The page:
I've been looking at call spreads and put spreads and observed some vastly different risk/reward ratios even when the same spread width is used.
Can someone please explain these differences?
All examples use symbol ACB and I won't consider commissions.
SELL JAN 15 '21 $4 PUT
BUY JAN 15 '21 $3 PUT
Max profit: $49 (initial credit)
Max loss: $51
r:r almost 1:1
SELL DEC 18 '20 $4 PUT
BUY DEC 18 '20 $3 PUT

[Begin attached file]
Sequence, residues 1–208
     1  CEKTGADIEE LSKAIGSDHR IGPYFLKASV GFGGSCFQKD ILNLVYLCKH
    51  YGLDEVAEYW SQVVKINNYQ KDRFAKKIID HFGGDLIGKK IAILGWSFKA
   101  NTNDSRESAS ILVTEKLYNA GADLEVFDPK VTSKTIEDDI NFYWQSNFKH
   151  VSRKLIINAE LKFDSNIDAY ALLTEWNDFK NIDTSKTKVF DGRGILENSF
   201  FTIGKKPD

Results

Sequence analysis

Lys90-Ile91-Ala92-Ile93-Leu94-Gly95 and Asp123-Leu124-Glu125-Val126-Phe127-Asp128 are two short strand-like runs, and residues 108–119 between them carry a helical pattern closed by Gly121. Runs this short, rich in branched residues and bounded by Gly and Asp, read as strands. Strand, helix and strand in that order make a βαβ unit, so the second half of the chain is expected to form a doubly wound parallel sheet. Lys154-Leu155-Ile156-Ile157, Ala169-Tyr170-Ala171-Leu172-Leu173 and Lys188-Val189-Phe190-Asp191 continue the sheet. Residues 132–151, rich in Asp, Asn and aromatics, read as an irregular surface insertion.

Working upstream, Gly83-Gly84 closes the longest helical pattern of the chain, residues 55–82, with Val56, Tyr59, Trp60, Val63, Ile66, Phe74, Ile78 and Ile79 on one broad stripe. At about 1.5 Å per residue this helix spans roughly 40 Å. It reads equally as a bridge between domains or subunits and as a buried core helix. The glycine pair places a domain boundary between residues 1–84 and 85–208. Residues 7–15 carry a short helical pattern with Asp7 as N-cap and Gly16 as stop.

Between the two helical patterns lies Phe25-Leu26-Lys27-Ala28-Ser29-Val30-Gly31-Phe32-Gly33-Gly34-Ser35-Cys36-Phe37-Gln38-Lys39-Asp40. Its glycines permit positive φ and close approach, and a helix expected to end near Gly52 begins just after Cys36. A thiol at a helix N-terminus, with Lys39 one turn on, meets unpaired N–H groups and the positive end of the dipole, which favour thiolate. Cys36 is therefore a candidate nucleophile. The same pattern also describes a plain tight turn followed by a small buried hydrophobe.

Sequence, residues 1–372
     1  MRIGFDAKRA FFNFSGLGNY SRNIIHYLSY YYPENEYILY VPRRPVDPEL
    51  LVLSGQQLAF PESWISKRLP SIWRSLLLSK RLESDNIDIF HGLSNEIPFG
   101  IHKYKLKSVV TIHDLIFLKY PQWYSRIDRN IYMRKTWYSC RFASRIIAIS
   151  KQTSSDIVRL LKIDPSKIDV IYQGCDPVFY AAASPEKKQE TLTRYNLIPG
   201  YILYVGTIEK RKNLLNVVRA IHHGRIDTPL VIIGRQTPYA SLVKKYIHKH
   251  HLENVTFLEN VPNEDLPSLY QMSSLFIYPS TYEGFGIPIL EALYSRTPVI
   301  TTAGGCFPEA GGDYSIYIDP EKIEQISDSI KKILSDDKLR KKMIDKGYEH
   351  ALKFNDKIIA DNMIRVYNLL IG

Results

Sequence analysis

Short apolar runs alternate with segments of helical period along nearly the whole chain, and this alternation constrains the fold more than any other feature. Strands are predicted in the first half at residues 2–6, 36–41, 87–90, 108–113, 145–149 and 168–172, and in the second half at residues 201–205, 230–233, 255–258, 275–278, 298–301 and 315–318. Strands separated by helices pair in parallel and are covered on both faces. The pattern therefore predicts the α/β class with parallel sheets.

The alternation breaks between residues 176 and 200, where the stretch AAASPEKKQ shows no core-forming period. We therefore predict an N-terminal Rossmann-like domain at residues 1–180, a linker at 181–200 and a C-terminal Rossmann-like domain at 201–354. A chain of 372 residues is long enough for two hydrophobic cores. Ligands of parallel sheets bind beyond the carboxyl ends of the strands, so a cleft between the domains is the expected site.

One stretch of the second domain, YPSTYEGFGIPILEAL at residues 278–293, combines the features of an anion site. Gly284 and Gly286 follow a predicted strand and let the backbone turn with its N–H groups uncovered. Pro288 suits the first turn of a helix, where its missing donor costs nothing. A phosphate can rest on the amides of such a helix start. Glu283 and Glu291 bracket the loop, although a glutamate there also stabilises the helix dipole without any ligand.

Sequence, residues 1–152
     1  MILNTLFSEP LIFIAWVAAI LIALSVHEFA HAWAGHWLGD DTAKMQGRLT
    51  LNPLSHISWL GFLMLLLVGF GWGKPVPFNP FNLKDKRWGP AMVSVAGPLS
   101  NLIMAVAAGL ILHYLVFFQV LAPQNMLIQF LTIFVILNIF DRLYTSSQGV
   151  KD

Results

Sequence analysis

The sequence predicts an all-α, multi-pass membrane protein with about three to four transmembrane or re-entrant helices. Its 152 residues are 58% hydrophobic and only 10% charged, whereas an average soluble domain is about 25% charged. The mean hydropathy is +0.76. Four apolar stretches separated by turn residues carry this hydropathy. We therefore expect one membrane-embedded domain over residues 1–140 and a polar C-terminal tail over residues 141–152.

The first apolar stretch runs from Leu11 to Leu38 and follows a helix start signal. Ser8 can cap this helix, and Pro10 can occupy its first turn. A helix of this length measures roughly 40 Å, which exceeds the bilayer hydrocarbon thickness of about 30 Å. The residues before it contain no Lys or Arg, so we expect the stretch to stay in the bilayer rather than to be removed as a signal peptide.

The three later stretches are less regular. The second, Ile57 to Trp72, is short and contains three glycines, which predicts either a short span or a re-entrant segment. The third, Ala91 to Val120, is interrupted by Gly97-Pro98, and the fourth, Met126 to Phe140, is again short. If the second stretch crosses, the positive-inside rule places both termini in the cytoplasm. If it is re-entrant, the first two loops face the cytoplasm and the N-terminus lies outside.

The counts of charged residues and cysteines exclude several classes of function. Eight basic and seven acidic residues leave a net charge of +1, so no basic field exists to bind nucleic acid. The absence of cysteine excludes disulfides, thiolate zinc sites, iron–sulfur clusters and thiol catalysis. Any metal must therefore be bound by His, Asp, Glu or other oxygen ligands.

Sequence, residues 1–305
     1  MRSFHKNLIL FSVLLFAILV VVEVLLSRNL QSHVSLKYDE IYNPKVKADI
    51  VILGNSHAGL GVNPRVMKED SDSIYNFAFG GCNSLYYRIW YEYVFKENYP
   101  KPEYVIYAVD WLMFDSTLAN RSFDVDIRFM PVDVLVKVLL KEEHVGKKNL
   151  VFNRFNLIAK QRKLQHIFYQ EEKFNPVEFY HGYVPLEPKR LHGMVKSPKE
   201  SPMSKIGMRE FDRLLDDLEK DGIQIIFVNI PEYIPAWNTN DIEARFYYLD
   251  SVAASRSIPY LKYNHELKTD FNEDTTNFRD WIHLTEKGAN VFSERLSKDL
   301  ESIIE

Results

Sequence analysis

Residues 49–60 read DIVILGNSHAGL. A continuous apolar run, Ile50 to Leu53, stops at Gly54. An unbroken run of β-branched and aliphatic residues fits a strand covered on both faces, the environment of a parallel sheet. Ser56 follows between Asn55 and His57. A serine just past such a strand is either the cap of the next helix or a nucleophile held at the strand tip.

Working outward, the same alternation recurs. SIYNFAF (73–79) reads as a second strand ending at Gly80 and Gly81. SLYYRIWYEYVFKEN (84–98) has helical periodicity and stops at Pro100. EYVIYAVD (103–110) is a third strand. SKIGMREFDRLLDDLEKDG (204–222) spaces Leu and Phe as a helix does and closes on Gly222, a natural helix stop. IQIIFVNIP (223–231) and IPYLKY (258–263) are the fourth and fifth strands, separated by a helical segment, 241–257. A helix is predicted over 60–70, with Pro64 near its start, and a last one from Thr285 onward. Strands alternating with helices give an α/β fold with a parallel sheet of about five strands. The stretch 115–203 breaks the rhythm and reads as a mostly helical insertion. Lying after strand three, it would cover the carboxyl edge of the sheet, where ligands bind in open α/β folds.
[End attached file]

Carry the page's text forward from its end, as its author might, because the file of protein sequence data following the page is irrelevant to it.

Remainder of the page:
Max profit: $31 (initial credit)
Max loss: $69
r:r nearer 1:2
SELL DEC 18 '23 $4 PUT
BUY DEC 18 '23 $3 PUT
Max profit: $81 (initial credit)
Max loss: $19
r:r nearer 4:1
So we see that the r:r ratios differ dramatically despite using the same strikes.
There seems to be a simple pattern here that the further our the options are the higher the r:r, which can make sense from a time premium point of view, but this equally confuses me when the put I'm buying should be costing me roughly the same time (in proportion) to the time premium I'm gaining as credit from the sell.